Going back to 2014, it was common for whenever whatever economic data point disappointed that whomever optimistic economist or policymaker would overrule it by pointing to “global growth.” It was the equivalent of shutting down an uncomfortable debate with ad hominem attacks. You can’t falsify “global growth” because you can’t really define what it is.

Japan was common then among the world’s various economies to be relying so much on it. As I wrote that September:

The curious part about that “pick-up in global demand” is exactly what I am driving at. What he [BoJ Deputy Governor Kikuo Iwata] is saying is that the economy in Japan will get better because some nebulous notion of the global economy will get better; or, if you want to be specific, they expect the economy to improve because the economy is expected to improve. While he (and those like him) will not admit to engaging such circular logic, that is what it really amounts to…

It became a staple of mainstream analysis because it was easy and non-specific. And in many ways it has become so again, in 2017 perhaps even to that much more of an impressive (sounding) degree. This time around not only is “global growth” supposedly picking up, it is doing so in synchronized fashion. Being applied to Japan again and more so China, it’s the first time in seven or perhaps ten years, apparently, that this has happened – therefore we are meant to be very impressed by it even if it still remains undefined.

This year is shaping up to be the most synchronized for global growth since the immediate aftermath of the last recession, in a development that could ease the burden on the U.S. as the world’s economic engine.


All the major economies of the globe and the companies that make them up are picking up steam at the same time right now, the first such simultaneous recovery in years.


This is making the phrase “global synchronous recovery” among the favorites of bulls on Wall Street.

If such a thing was to occur, its presence would immediately be felt in global trade. There was some rise in trade late last year and even for a few months early this year, but in the interim since that just hasn’t been the case. Global trade has stalled in various localities, none more so than the United States.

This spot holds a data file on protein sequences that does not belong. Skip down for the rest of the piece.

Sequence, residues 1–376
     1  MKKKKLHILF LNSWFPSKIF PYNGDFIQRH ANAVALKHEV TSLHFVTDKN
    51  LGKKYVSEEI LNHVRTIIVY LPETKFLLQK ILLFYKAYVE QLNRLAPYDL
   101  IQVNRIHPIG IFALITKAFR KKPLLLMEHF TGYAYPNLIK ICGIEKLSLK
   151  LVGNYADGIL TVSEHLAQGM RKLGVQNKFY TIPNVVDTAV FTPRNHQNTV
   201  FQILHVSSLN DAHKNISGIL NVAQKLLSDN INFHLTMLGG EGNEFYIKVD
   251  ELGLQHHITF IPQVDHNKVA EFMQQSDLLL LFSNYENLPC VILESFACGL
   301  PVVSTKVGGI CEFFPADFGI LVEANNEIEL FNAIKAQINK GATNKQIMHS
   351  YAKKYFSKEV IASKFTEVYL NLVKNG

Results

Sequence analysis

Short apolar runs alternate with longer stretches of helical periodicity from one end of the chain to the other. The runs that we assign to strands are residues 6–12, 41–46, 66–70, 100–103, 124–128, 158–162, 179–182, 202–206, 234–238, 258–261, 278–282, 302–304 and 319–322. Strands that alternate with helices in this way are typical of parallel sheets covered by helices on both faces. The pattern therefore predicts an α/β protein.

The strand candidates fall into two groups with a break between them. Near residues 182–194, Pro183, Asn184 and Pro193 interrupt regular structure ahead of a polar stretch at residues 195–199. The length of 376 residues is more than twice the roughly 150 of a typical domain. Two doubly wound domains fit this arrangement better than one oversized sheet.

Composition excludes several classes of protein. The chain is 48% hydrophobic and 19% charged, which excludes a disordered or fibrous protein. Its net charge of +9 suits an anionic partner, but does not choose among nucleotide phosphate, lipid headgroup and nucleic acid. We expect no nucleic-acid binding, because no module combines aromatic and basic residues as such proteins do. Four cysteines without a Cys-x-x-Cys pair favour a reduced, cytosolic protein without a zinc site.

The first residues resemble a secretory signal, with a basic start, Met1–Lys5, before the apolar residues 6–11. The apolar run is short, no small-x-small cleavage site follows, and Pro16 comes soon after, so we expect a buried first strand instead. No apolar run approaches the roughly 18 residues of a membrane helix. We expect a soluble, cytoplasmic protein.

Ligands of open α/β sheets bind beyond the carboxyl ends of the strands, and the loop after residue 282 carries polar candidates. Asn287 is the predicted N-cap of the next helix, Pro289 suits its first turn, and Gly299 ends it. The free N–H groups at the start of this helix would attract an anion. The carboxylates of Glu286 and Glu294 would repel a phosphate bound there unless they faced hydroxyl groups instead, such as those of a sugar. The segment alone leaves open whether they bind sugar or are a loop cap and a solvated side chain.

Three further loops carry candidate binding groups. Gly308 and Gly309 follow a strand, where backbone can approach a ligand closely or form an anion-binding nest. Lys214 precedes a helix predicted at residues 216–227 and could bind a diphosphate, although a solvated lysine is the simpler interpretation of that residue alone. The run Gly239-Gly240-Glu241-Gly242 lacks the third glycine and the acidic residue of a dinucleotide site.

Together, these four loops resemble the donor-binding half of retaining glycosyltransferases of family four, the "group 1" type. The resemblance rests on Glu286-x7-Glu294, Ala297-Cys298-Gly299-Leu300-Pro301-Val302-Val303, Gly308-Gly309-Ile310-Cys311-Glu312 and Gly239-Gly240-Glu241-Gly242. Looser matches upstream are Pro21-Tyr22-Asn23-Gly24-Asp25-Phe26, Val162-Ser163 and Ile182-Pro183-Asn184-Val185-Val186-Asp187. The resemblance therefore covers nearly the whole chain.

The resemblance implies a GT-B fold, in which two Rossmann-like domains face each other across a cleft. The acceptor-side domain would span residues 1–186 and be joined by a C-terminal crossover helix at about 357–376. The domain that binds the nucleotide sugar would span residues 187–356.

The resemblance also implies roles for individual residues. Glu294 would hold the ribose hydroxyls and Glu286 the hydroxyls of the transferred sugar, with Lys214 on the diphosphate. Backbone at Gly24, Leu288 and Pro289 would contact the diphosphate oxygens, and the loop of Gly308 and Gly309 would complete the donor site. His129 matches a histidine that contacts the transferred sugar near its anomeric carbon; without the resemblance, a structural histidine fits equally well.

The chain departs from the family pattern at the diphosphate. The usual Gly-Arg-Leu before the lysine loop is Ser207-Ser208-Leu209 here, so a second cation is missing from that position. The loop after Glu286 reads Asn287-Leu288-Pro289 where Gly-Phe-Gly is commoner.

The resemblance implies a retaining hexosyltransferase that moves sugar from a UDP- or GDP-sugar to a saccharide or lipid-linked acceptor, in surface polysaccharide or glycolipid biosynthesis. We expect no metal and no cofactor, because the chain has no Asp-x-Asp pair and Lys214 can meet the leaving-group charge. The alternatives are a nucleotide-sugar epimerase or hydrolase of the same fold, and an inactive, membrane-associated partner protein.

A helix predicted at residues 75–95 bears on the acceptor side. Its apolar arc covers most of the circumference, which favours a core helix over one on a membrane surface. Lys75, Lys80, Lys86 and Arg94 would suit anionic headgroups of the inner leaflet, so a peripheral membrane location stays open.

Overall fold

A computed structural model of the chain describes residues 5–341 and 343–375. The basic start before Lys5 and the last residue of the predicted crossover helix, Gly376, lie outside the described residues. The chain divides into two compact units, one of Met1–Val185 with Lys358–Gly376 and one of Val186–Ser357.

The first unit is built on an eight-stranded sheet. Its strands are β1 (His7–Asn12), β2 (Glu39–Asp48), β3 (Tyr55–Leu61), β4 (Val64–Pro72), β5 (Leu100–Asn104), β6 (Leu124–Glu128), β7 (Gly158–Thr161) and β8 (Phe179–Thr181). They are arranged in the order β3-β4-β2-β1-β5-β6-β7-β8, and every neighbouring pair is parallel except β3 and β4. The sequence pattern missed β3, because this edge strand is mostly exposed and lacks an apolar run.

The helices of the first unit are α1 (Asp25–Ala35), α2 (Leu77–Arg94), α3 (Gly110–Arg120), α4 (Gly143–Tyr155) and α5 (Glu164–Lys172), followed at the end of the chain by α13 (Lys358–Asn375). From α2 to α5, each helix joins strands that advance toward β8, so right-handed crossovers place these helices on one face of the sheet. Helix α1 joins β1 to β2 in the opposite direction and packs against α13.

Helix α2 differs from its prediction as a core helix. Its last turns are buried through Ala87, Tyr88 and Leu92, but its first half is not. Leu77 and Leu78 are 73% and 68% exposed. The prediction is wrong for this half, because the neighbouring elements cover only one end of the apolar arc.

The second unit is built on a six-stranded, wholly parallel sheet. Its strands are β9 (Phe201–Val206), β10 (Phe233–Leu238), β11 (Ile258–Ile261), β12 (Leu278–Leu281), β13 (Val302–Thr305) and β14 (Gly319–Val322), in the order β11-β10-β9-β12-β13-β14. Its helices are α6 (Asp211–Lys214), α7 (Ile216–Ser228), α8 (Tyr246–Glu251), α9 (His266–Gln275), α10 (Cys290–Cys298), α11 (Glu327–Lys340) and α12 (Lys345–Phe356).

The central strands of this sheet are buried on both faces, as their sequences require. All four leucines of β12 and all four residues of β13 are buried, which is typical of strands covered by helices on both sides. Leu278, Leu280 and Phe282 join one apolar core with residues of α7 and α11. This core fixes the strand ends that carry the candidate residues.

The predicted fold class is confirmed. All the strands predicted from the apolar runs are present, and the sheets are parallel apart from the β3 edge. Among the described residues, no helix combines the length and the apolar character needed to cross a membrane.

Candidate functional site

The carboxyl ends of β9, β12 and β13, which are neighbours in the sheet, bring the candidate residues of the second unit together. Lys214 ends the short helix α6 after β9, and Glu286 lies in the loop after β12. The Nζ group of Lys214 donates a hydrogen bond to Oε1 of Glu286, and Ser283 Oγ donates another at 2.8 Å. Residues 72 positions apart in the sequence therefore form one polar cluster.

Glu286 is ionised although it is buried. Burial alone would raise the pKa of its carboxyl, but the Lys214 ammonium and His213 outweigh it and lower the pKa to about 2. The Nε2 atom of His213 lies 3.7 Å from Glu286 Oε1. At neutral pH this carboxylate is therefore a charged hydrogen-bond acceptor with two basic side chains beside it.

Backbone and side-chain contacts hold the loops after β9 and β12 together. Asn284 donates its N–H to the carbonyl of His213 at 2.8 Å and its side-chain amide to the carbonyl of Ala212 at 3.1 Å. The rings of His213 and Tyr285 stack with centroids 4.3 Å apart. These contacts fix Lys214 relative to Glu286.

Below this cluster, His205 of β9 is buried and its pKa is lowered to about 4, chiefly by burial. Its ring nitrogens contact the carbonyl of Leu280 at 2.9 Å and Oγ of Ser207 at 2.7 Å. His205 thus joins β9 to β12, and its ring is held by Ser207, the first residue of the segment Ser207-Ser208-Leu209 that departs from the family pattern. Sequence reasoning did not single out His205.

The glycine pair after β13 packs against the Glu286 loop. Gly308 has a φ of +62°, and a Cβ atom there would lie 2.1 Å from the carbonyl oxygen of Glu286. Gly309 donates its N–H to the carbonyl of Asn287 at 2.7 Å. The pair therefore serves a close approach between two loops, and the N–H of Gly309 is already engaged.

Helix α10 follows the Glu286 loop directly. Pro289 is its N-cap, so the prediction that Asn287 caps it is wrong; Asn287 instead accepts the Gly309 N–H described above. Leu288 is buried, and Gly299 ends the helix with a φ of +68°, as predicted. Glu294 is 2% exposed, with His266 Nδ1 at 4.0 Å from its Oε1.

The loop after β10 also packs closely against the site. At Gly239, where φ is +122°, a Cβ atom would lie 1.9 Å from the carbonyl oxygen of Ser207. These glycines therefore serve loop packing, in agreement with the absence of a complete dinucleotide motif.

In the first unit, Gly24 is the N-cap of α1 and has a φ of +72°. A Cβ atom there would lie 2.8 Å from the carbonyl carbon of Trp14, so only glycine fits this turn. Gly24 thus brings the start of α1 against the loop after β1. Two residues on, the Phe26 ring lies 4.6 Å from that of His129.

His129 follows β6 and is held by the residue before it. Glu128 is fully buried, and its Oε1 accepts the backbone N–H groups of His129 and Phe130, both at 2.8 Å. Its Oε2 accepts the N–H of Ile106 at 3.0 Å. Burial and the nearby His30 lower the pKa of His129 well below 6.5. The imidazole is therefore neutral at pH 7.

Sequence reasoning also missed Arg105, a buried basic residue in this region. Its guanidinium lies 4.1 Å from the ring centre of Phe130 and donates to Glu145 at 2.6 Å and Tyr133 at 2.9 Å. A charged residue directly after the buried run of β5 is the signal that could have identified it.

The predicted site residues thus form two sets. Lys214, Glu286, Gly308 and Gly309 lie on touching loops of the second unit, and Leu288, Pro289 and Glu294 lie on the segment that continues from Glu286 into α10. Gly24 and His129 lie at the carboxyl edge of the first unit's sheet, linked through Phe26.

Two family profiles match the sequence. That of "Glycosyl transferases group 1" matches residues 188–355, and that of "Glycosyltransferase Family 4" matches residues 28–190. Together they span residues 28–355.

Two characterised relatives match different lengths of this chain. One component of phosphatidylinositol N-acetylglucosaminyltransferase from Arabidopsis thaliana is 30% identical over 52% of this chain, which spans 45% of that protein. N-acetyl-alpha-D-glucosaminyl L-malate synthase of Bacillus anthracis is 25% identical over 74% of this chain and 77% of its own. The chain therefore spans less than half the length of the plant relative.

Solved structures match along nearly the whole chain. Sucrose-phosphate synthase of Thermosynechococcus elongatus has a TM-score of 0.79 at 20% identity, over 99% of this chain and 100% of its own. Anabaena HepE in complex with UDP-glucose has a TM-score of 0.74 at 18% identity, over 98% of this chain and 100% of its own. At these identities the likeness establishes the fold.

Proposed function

The Census Bureau reported today that total US exports of goods in September 2017 rose by just 4.5% year-over-year (NSA). That result continues to suggest fading rather than accelerating global demand for US goods. On the other side, US imports were up but 4.8% in that same month. It alternately proposes fading rather than accelerating US demand for global goods.

The estimates in seasonally-adjusted terms were slightly more favorable, with both exports and imports rising month-over-month. Despite that, however, there has clearly been a slowdown (or worse, as in the case of imports) from the “reflation” impulse experienced in the second half of last year coming of the global downturn.

Given that the slump was almost two years ago now, and the deviation on the upside dating back to the start of this year, it is fair to conclude that “synchronized global growth” is more of a loose term of art (predicated on bias and hope) than anything actually specific and solid. In short, it is exactly like 2014.

That’s certainly the case for the external view of US trade, where global partners keep waiting for the month or even year where US demand for their material comes close to matching the mainstream descriptions. Imports from China were up 8.1% in September (NSA, Y/Y), a growth rate again among the lesser results in 2017 and nowhere near what the Chinese really need for their economy to do more than raise constant questions.

The Census Bureau estimates similar numbers in imports from Europe, where in 2017 US demand for trade from across the Atlantic hasn’t at any time during the past year and a half been even close to comparable to 2017.

Part of the reason for this disconnect is that the global economy, such that it is, really should be experiencing profound growth. The economy fell off and often sharply around the world during 2014-16, which in normal times usually gives way to an equally or better rebound. Instead, this upturn continues to be worse on every front.

By all cyclical accounts, there is every reason to expect an actually strong growth impulse in all these various places – every reason but one:

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